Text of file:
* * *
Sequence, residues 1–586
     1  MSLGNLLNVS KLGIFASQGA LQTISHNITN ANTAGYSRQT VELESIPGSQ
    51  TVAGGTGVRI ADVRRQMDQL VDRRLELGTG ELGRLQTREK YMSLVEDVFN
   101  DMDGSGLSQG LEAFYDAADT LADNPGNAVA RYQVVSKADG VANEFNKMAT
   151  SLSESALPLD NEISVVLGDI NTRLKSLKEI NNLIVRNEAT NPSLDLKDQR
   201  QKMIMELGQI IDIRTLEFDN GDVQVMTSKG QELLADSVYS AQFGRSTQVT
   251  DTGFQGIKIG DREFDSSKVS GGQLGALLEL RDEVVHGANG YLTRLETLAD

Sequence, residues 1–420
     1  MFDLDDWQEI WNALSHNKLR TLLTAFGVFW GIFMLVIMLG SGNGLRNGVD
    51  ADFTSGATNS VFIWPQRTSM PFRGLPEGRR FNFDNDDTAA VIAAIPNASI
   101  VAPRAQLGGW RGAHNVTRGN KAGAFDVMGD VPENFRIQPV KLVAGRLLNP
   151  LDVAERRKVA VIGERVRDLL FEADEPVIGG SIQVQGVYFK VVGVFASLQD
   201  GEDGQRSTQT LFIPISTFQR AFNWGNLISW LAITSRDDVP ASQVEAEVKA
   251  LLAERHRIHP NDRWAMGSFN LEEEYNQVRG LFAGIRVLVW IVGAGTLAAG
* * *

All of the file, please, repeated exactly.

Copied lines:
Sequence, residues 1–586
     1  MSLGNLLNVS KLGIFASQGA LQTISHNITN ANTAGYSRQT VELESIPGSQ
    51  TVAGGTGVRI ADVRRQMDQL VDRRLELGTG ELGRLQTREK YMSLVEDVFN
   101  DMDGSGLSQG LEAFYDAADT LADNPGNAVA RYQVVSKADG VANEFNKMAT
   151  SLSESALPLD NEISVVLGDI NTRLKSLKEI NNLIVRNEAT NPSLDLKDQR
   201  QKMIMELGQI IDIRTLEFDN GDVQVMTSKG QELLADSVYS AQFGRSTQVT
   251  DTGFQGIKIG DREFDSSKVS GGQLGALLEL RDEVVHGANG YLTRLETLAD

Sequence, residues 1–420
     1  MFDLDDWQEI WNALSHNKLR TLLTAFGVFW GIFMLVIMLG SGNGLRNGVD
    51  ADFTSGATNS VFIWPQRTSM PFRGLPEGRR FNFDNDDTAA VIAAIPNASI
   101  VAPRAQLGGW RGAHNVTRGN KAGAFDVMGD VPENFRIQPV KLVAGRLLNP
   151  LDVAERRKVA VIGERVRDLL FEADEPVIGG SIQVQGVYFK VVGVFASLQD
   201  GEDGQRSTQT LFIPISTFQR AFNWGNLISW LAITSRDDVP ASQVEAEVKA
   251  LLAERHRIHP NDRWAMGSFN LEEEYNQVRG LFAGIRVLVW IVGAGTLAAG